Integrated Pest Management
Apples are one of the most difficult crops to grow. Apples are not native to North America. They haven’t evolved to resist the pests we have here.
We practice Integrated Pest Management (IPM) which involves monitoring pest traps and weather stations, preventing pests and using minimal pesticides. Only if pest levels are high enough to be economically harmful will we apply a chemical spray to our crop. This attention to detail reduces the amount of chemicals we apply to our apples by 33 to 50 percent, compared to conventional methods.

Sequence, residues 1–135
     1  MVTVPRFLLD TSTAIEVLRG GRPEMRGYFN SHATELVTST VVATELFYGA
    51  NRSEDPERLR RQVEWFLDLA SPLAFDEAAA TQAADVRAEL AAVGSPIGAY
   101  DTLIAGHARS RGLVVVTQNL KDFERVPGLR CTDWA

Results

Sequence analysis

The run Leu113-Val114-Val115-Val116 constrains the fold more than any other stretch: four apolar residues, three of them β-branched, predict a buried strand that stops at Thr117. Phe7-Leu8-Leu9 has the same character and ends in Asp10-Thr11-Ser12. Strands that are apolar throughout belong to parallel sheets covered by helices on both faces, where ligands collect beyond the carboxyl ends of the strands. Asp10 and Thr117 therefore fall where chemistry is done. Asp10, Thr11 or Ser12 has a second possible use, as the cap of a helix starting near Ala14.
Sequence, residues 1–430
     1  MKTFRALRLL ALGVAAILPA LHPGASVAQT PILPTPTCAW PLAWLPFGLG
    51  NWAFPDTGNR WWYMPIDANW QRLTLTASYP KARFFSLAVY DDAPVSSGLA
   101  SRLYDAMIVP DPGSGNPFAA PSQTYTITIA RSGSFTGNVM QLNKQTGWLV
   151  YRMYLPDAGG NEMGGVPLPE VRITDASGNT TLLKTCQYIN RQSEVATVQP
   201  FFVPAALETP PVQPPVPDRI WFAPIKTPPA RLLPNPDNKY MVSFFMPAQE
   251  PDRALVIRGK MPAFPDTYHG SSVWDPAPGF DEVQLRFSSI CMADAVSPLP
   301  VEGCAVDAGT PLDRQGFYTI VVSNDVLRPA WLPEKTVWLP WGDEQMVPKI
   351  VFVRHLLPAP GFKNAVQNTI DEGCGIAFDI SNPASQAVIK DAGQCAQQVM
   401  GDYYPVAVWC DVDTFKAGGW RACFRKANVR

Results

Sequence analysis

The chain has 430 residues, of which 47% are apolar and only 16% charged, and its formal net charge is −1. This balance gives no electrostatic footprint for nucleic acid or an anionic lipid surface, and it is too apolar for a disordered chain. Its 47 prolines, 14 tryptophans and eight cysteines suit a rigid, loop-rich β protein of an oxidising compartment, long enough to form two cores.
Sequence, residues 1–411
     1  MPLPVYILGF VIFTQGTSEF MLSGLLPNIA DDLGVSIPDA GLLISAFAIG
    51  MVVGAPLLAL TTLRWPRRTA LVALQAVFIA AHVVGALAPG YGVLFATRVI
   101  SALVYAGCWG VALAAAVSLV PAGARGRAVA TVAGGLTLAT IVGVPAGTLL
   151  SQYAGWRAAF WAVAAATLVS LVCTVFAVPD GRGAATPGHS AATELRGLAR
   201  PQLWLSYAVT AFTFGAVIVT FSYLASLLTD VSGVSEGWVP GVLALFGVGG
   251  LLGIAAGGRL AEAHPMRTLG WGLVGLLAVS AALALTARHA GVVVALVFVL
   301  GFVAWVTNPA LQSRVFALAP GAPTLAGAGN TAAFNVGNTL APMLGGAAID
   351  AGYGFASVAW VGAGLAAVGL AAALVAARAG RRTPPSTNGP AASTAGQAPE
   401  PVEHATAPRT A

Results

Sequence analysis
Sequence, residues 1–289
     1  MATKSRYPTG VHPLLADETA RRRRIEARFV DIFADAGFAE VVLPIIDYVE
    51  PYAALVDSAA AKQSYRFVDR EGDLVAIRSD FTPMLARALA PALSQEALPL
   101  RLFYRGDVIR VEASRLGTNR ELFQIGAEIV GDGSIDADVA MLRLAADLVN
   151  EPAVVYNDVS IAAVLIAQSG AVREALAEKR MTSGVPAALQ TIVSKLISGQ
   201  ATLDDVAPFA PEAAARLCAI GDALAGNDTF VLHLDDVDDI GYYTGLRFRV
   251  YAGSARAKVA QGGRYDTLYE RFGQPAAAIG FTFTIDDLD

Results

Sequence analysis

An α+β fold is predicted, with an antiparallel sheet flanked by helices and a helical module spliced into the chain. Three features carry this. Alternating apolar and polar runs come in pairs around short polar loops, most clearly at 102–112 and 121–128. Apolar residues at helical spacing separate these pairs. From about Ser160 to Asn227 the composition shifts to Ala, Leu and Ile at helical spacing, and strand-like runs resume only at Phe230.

Pest prevention is very important in our orchards. Ways that we prevent pests include:
Leaf Analysis and Soil Tests
Every July we take a sampling of leaves and soil from each section of our orchards and send the samples to the University of Wisconsin Soil and Plant Analysis Lab. The scientists there identify where the soil is sufficient or lacking in certain nutrients.
We can apply the recommended nutrients to the soil to help our plants thrive. This process helps us keep our soil fertile without applying excess nutrients.
Green's Pleasant Springs Orchard
Codling moth larvae will tunnel their way to the apple core, damaging the fruit. This trap monitors codling moth activity.